October 21, 2014

The Nexus One Isn't a Game Changer, But the First Step Towards a Change in the Game`

A few months back I wrote an article that pointed out how odd it was that we continue to refer to our handsets as phones.  I likened it to a car being called a music player.  With 99% of all cars on the road sporting a radio why don’t we refer to our new ride as a shiny new music repository?  Silly, right?  But it makes just as much sense to call your Droid, Nexus One, Cliq, G1, etc. a phone when it is so much more.

The battle here is a “chicken and the egg” one in that it is all about what came first.  The car came first so no matter what we end up putting in the car it will always be a car.  Same with our phones.  Everything started with the cellular phone so no matter what more we cram into the devices they will always be phones.  With cars it makes sense, with our handsets it does not.

Google showed it understands this evolution of the phone when they dubbed the Nexus One a “super phone”.  I am not a fan of the moniker at all (whats to stop Apple from dubbing their next piece of hardware a “super-duper-phone” for example; it’s silly) but I appreciate the step away from referring to these devices as phones.  The truth is that the Nexus One is no more super than the Droid or even the G1, but what it does do is up the ante and gets us closer to the vision of what these devices need to be.

In the previously mentioned article on this subject I wrote that what we today call phones are in fact information hubs.  We keep our contacts, calendars, pictures, and so much more in there.  They are, for most, our central source for information.  Of course they also serve as a GPS system, alarm, entertainment system, web browser and more.  “Phones” have been doing all of that and more for some time ,so what is so “super” about the Nexus One?  It’s not what it does at all but how it does it.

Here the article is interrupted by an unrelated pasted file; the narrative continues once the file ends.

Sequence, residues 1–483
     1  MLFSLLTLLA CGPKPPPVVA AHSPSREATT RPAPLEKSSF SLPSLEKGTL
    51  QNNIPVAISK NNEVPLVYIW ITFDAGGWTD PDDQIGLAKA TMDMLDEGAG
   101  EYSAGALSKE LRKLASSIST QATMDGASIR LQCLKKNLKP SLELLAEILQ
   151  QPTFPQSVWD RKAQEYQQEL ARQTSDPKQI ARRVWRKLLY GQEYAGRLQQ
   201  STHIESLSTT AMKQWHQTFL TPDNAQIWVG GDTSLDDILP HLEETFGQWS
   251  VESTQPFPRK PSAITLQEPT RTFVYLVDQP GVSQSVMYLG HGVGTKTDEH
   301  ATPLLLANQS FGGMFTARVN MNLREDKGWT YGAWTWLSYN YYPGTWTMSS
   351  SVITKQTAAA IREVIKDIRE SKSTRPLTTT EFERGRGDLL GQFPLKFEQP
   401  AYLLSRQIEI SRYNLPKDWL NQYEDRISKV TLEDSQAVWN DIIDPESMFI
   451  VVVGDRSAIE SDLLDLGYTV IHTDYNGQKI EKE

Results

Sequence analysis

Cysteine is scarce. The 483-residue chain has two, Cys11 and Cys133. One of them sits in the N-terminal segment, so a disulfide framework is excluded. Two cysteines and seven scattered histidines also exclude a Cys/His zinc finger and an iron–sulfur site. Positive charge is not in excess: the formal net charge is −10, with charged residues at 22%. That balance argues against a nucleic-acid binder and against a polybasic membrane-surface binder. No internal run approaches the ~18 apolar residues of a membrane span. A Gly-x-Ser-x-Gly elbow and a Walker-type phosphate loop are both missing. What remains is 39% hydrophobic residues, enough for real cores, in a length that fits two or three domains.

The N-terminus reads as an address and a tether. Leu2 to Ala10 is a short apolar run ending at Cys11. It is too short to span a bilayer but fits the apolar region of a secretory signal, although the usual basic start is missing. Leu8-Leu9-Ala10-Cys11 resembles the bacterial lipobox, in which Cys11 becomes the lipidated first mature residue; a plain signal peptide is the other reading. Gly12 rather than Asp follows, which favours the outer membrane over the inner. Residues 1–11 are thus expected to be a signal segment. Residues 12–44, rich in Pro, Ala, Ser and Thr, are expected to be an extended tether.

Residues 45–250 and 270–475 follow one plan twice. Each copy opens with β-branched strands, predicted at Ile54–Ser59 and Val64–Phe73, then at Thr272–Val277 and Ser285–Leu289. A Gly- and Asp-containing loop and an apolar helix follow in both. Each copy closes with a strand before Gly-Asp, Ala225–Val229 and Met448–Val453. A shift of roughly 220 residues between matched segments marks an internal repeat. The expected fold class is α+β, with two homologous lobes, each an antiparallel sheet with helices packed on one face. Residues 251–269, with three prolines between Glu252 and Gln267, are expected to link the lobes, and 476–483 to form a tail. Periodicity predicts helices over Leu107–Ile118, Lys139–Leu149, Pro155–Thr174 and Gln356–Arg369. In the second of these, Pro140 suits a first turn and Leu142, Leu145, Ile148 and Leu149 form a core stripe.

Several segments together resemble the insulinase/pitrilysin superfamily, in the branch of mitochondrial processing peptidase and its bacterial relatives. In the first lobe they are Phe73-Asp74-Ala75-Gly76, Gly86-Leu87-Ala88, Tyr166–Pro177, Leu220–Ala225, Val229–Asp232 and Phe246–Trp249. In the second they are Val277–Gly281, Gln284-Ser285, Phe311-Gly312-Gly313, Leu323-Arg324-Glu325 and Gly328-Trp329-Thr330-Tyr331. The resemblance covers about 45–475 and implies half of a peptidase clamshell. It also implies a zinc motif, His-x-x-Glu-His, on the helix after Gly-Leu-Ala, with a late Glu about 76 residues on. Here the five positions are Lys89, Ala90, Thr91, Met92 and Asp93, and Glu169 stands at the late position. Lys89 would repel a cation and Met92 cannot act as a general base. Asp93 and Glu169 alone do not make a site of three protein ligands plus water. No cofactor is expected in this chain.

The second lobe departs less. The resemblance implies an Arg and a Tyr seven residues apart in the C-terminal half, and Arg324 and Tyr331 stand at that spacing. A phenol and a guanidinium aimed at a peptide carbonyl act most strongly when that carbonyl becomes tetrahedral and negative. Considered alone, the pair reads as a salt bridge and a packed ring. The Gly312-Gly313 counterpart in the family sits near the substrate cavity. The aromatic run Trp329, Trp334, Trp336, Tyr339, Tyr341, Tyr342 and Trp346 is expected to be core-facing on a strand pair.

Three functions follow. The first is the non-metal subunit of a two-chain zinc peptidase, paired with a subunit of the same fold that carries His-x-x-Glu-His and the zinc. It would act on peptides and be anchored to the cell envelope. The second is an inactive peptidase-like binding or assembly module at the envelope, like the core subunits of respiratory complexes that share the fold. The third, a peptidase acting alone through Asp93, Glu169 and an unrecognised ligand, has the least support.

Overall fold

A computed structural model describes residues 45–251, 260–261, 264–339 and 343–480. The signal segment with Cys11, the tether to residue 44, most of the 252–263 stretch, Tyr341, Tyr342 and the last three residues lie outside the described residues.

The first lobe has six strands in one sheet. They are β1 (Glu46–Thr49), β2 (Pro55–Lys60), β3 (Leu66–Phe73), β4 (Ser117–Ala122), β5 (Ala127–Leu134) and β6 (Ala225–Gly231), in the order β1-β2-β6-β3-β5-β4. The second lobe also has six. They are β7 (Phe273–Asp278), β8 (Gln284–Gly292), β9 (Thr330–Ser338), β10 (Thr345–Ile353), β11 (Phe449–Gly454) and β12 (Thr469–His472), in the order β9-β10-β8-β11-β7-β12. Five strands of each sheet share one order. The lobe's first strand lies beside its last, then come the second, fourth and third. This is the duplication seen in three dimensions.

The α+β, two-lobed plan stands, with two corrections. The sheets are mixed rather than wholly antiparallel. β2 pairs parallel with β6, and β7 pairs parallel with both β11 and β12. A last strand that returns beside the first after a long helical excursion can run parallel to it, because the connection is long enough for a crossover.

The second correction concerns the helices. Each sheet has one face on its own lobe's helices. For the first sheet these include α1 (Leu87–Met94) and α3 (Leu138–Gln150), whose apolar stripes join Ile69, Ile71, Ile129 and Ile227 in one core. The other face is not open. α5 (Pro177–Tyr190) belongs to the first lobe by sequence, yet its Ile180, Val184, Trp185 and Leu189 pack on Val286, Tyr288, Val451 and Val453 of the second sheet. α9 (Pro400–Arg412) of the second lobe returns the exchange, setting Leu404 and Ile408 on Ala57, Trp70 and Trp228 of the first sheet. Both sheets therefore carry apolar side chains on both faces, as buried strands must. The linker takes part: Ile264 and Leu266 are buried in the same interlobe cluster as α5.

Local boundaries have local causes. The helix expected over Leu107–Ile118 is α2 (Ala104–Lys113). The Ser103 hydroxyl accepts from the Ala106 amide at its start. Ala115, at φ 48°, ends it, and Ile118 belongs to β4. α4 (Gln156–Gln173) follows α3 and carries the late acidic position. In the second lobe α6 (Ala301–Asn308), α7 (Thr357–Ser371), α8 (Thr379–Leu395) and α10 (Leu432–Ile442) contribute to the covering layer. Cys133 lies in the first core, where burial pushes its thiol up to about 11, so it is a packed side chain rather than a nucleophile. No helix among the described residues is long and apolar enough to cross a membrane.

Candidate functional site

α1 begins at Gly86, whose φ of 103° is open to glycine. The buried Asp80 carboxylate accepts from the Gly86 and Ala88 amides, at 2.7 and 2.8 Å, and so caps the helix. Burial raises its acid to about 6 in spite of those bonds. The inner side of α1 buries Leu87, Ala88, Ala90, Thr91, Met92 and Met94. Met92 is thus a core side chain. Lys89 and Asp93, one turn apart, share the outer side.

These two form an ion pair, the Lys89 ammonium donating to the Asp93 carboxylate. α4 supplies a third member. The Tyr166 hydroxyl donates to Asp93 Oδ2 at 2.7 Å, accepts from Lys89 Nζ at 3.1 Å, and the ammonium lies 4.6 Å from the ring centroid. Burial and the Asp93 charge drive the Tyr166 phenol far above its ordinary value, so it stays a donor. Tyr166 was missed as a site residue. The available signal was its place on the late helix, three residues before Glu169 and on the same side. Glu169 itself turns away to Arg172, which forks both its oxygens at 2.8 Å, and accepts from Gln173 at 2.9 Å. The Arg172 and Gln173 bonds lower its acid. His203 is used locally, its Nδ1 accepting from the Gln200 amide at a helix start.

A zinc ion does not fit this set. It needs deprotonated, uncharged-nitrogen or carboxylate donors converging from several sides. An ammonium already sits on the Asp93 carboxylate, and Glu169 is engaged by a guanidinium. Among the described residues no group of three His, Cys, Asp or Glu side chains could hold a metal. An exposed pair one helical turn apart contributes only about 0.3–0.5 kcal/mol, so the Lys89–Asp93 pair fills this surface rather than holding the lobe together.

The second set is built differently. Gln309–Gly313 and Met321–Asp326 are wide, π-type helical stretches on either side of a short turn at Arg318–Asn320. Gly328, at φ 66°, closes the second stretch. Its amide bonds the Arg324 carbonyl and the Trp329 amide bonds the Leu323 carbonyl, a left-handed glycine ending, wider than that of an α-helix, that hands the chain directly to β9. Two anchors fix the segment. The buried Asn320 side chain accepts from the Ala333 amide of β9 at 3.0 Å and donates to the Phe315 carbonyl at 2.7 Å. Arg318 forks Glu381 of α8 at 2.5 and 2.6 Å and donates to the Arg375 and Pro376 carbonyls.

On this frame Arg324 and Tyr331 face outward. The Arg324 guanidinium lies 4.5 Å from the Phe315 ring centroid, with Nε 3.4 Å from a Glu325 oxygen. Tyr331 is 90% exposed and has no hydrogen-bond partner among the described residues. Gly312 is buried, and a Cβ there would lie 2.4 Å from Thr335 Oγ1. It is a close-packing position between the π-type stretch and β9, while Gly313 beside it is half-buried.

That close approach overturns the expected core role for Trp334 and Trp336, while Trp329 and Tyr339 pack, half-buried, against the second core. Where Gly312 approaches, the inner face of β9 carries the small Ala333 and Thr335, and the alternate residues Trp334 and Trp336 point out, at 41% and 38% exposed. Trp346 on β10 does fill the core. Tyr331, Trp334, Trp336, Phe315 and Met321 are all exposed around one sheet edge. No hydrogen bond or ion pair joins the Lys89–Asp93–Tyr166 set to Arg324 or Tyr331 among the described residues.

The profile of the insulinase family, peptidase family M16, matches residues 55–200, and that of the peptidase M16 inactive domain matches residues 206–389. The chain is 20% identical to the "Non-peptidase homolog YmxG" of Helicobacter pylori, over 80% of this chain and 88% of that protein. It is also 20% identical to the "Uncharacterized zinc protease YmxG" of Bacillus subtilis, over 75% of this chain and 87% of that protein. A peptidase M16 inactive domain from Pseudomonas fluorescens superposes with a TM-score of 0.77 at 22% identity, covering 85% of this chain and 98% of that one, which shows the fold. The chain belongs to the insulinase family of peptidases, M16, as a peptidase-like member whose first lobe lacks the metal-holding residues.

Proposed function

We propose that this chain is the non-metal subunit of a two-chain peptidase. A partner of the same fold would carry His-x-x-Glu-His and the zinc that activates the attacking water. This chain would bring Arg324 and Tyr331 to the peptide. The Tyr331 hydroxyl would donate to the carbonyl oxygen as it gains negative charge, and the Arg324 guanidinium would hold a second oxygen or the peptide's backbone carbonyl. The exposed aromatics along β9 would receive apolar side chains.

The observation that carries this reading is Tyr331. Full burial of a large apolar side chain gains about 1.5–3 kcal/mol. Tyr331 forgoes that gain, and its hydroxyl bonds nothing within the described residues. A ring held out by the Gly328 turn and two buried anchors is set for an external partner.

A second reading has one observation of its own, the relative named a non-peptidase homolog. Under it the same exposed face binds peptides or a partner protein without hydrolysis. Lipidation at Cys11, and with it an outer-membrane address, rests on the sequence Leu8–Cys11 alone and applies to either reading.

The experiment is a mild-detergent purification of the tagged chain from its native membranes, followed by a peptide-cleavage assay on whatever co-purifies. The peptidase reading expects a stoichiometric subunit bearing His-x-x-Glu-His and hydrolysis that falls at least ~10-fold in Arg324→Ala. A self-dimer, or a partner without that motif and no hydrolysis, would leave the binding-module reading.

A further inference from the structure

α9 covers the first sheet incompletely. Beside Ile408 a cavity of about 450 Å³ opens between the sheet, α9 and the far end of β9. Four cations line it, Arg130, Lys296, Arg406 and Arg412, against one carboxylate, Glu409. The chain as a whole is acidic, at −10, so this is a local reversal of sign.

The next step in the evolution of handsets is speed.

As a society we were all pretty chill initially.  The speed limit was lower, we waited for our food to cook and we were OK kicking rocks or playing ding-dong ditch ‘em as kids.  Then, fast-food places started to pop up.  We began to get upset when we waited a full, gasp, 2 minutes for our fries.  Microwaves invaded our homes depriving us of the fun watching the aluminum foil rising in our jiffy pop popcorn.  Give a kid a rock today and tell him to play and you better duck cause that kid is throwing it back at you.

We demand speed and “phones” have rarely delivered.

Sure apps like Google Maps, Places Directory, Sherpa and more are great, but are they fast?  No.  My wife has regularly pointed out that in the time it takes me to launch the app, type in my query and wait for relevant results she could have rolled down the window and received the same information from at least two to three people.

This is where the Nexus One excites me.  I envision a time where my wife and I are in some far off city watching one of our kids play soccer and the caffeine addiction kicks in.  Before she can roll down the window I will have pushed a button on my Nexus One and said, “Find the nearest Starbucks,” and within seconds the screen lights up with locations.  It will offer me phone numbers, directions and even reviews so we go to just the right spot.

No launching an app, no typing in a request and most importantly no waiting for results.  Husbands everywhere rejoice!

Having not had the privilege of handling the Nexus One as of this posting I am not sure if it can deliver on this promise, but I feel certain it is the first step in that direction.  No, the Nexus One isn’t “super” and in my opinion it’s not even a phone, but it does represent a change in the mobile game.  Before the N1 the focus was on more and more information from our tiny handsets.  With the N1, Google shifted the focus to speed.

Let’s see if everyone else can keep up.  Either way, we consumers are the winners!